The bus racist (as she will undoubtedly become known) has been arrested, largely, I suspect, as a result of the persistence of people like Casuals United who have pestered the police and the media and forced them to realize that the matter would not be allowed to drop.

Whether anything comes of this remains to be seen. On one level, I would prefer that nothing come of it, and that the police and CPS get on with something more useful. But then I'd apply the same thinking to the cases of Emma West (whose trial is currently set to resume on 5 September, I believe) and Jacqueline Woodhouse, who was banged up for 5 months.

Unfortunately the issue has become one of fairness, not justice or common sense. In all those interminable CiF threads about race, immigration and identity we are repeatedly asked to define "Britishness". Actually, Britishness can't be pinned down in quite the sort of terse formula that the internationalists always demand: it's a damned sight more than the warm beer and morris dancing they sneeringly propose and, more to the point, it's difficult to see clearly because, outside the fully colonized areas, we are immersed in it. Woods and trees, old boy, woods and trees.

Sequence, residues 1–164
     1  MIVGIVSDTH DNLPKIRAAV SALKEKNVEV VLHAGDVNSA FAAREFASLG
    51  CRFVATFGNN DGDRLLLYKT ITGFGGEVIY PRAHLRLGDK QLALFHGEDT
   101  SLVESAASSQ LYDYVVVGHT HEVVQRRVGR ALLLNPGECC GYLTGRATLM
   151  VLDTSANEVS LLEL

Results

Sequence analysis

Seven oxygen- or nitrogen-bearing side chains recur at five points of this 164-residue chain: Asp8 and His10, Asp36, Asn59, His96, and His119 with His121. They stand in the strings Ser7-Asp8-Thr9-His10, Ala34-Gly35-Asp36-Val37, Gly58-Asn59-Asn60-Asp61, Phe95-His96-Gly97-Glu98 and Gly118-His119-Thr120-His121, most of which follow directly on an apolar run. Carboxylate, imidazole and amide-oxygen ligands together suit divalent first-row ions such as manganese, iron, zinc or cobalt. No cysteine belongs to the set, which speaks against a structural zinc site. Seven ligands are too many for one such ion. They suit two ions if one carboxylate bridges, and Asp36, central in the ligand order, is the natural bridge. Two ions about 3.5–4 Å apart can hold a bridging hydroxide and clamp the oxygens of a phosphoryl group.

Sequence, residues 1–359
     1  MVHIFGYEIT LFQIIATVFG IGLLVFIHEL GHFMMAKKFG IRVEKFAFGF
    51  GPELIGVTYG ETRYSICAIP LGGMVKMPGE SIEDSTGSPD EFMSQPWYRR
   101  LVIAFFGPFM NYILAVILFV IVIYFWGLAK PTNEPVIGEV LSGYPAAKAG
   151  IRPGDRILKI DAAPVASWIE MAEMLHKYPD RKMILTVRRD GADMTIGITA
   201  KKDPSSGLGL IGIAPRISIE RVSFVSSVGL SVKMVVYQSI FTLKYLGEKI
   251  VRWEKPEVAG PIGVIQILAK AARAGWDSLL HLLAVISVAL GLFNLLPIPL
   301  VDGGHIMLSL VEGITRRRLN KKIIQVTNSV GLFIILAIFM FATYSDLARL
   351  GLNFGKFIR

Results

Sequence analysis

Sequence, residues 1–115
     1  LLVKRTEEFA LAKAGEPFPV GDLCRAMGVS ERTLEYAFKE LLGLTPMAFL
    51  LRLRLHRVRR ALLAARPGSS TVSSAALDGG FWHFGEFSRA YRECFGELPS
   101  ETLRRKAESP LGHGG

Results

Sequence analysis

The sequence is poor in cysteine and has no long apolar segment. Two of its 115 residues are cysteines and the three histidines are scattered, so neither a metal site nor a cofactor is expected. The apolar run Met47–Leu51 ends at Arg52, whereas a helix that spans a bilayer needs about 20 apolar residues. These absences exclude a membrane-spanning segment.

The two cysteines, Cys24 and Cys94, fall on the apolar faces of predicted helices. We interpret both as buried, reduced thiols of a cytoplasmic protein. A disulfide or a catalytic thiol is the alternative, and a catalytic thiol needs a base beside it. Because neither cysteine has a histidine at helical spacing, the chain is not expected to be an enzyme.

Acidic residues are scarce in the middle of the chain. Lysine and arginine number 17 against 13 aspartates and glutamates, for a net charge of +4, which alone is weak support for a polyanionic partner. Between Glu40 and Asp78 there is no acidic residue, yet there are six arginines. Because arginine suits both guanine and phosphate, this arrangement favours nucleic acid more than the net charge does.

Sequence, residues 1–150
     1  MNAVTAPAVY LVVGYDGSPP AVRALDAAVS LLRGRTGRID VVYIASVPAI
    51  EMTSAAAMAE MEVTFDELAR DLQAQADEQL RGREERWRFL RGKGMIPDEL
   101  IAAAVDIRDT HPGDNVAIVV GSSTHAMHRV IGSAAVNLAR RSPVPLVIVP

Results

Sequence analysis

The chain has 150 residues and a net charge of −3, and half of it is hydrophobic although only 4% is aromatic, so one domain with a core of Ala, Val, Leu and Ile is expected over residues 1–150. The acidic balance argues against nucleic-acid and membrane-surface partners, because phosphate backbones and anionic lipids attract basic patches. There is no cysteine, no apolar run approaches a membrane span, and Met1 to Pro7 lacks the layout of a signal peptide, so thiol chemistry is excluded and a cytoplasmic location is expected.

But one clearly identifiable core feature of Britishness is the concept of fairness. The British will put up with all manner of crap, provided the process is perceived to be even-handed. And coming down ridiculously hard on White people for rocking the race-relations boat — sometimes in effectively life-ruining ways; remember the young idiot Liam Stacey? — while pretending that non-White troublemakers either do not exist or are excused by victimhood or cultural dissonance ... well, I'm sorry, the natives are not going to stand for that for ever.